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President Trump to Revoke Visas of Venezuelan Strongman Nicolas Maduro’s Top Officials in US



WASHINGTON D.C. – U.S. President Donald Trump’s administration is expected to expel dozens of officials loyal to Venezuelan strongman Nicolas Maduro from the United States, a top administration official announced Friday.

“Maduro supporters that abuse or violate human rights, steal from the Venezuelan people or undermine Venezuela’s democracy are not welcome in the United States,” Special Envoy Elliott Abrams told reporters at the State Department.

“Neither are their family members, who enjoy a privileged lifestyle at the expense of liberty and prosperity of millions of Venezuelans.”

Abrams’ announcement follows through on a threat aired prior to last week’s attempt to deliver humanitarian aid to Venezuela in coordination with top opposition leader Juan Guaido, whom the U.S. and dozens of other countries have recognized as the interim president of the country.

Maduro blocked the deliveries, and now, U.S. officials will revoke the visas of Maduro’s top officials and their families in an attempt to fracture the unity of the regime leadership.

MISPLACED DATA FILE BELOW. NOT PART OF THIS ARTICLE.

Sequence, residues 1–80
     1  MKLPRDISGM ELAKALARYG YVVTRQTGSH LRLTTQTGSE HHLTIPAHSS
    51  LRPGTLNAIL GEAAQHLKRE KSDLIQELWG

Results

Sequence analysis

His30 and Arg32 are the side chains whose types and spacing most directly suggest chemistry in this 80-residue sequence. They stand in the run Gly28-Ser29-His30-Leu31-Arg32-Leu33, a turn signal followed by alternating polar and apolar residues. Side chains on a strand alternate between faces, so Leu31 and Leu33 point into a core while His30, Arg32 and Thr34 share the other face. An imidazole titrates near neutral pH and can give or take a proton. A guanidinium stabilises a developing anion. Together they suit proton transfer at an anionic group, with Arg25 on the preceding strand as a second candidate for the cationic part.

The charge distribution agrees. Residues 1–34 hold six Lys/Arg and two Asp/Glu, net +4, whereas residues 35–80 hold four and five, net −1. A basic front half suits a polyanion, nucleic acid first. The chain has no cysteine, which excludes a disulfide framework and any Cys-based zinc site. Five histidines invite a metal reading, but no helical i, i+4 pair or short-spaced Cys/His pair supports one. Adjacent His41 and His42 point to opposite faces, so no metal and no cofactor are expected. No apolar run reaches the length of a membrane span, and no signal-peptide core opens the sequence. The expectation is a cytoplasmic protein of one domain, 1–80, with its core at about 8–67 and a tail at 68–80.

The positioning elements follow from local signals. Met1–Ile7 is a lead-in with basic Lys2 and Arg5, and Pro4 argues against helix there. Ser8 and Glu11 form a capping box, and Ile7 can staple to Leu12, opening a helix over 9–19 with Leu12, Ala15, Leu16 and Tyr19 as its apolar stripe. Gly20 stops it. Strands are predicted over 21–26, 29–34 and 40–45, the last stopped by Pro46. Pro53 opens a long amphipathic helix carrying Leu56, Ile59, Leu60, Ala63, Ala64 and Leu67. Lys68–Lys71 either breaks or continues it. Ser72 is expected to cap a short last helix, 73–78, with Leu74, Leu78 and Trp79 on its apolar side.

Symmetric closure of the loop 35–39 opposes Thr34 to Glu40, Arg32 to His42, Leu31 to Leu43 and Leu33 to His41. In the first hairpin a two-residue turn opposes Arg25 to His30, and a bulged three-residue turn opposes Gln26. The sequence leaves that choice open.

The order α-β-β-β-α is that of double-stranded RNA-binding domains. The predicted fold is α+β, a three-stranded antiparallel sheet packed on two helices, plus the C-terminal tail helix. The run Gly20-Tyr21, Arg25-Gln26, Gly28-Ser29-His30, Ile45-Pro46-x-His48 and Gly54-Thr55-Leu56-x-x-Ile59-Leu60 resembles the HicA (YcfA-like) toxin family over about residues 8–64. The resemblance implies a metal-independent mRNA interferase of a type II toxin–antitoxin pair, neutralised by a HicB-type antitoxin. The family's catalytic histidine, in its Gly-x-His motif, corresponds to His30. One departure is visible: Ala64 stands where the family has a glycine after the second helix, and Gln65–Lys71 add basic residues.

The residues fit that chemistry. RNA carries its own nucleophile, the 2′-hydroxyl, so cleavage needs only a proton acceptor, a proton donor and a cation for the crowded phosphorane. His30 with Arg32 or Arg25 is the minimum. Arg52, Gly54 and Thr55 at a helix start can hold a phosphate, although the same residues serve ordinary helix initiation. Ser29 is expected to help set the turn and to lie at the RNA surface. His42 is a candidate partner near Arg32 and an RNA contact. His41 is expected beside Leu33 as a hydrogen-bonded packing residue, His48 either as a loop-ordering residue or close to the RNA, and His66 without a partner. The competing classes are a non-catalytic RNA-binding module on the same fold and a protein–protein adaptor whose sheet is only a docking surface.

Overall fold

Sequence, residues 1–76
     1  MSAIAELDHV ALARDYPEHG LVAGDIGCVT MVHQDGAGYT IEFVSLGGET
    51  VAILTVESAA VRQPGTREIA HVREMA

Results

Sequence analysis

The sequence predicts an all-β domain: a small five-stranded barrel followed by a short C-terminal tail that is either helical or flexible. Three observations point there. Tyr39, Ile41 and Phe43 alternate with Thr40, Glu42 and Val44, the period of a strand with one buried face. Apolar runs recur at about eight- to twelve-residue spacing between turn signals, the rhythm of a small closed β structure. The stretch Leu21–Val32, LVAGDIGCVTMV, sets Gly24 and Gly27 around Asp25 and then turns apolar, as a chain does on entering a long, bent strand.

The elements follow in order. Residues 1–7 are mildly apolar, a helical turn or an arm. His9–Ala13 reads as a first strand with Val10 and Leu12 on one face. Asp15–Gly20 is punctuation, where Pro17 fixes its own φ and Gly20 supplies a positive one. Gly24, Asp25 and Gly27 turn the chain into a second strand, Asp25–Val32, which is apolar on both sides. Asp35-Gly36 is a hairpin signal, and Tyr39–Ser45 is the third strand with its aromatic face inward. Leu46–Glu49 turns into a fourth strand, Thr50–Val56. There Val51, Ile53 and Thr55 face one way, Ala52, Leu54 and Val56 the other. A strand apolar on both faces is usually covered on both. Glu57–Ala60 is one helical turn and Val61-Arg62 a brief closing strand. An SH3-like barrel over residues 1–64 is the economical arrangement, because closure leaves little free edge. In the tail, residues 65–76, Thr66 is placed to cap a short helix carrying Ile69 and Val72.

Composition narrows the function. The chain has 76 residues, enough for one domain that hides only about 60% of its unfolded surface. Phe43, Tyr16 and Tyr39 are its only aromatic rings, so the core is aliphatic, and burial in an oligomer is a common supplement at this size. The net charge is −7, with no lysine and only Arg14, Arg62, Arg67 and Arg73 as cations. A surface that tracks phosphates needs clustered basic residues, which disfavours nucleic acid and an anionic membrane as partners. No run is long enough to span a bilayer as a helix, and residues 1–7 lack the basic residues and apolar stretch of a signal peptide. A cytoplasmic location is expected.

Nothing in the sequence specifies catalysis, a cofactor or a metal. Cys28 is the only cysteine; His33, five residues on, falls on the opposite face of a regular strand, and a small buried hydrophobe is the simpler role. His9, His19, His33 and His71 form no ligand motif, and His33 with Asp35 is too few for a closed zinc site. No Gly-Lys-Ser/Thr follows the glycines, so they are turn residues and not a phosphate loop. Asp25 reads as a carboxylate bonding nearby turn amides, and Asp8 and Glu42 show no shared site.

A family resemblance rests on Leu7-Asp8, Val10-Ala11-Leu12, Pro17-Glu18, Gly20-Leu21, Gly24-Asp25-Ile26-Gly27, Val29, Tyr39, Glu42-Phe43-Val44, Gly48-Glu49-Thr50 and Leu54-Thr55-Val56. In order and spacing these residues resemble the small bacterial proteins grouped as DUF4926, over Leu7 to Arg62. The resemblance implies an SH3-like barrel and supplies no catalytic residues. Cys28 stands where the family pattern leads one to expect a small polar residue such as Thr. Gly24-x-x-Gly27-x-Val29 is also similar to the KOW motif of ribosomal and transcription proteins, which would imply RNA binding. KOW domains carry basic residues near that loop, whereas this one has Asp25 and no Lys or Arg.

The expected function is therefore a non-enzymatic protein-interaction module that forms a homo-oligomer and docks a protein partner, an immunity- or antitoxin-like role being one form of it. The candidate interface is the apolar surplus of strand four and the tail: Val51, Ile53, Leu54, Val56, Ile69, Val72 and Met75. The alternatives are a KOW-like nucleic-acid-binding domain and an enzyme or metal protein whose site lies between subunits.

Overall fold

“We are applying this policy to numerous Maduro-aligned officials and their families,” Abrams said, noting that privacy laws prevented him from sharing specific details about who is affected.

The list of people losing their American visas features “a mix” of individuals currently in the United States or other countries, Abrams added.

“The United States urges all nations to step up economic pressure on Maduro and his corrupt associates as well as restrict visas for his inner circle,” he said.

The U.S. hopes the visa restrictions will weaken support for Maduro within a ruling class that has long benefited from a “double-standard” relative to the Venezuelan people, reaping the rewards of loyalty even as the economic and political crisis deepened.

“What they impose on the Venezuelan people is what they and their families should live under,” a senior administration official told reporters in late February. “We will work with our partners for that international financial circle to close and then for them to all have to live together in the misery that they’re imposing.”

By Joel Gehrke
Washington Examiner

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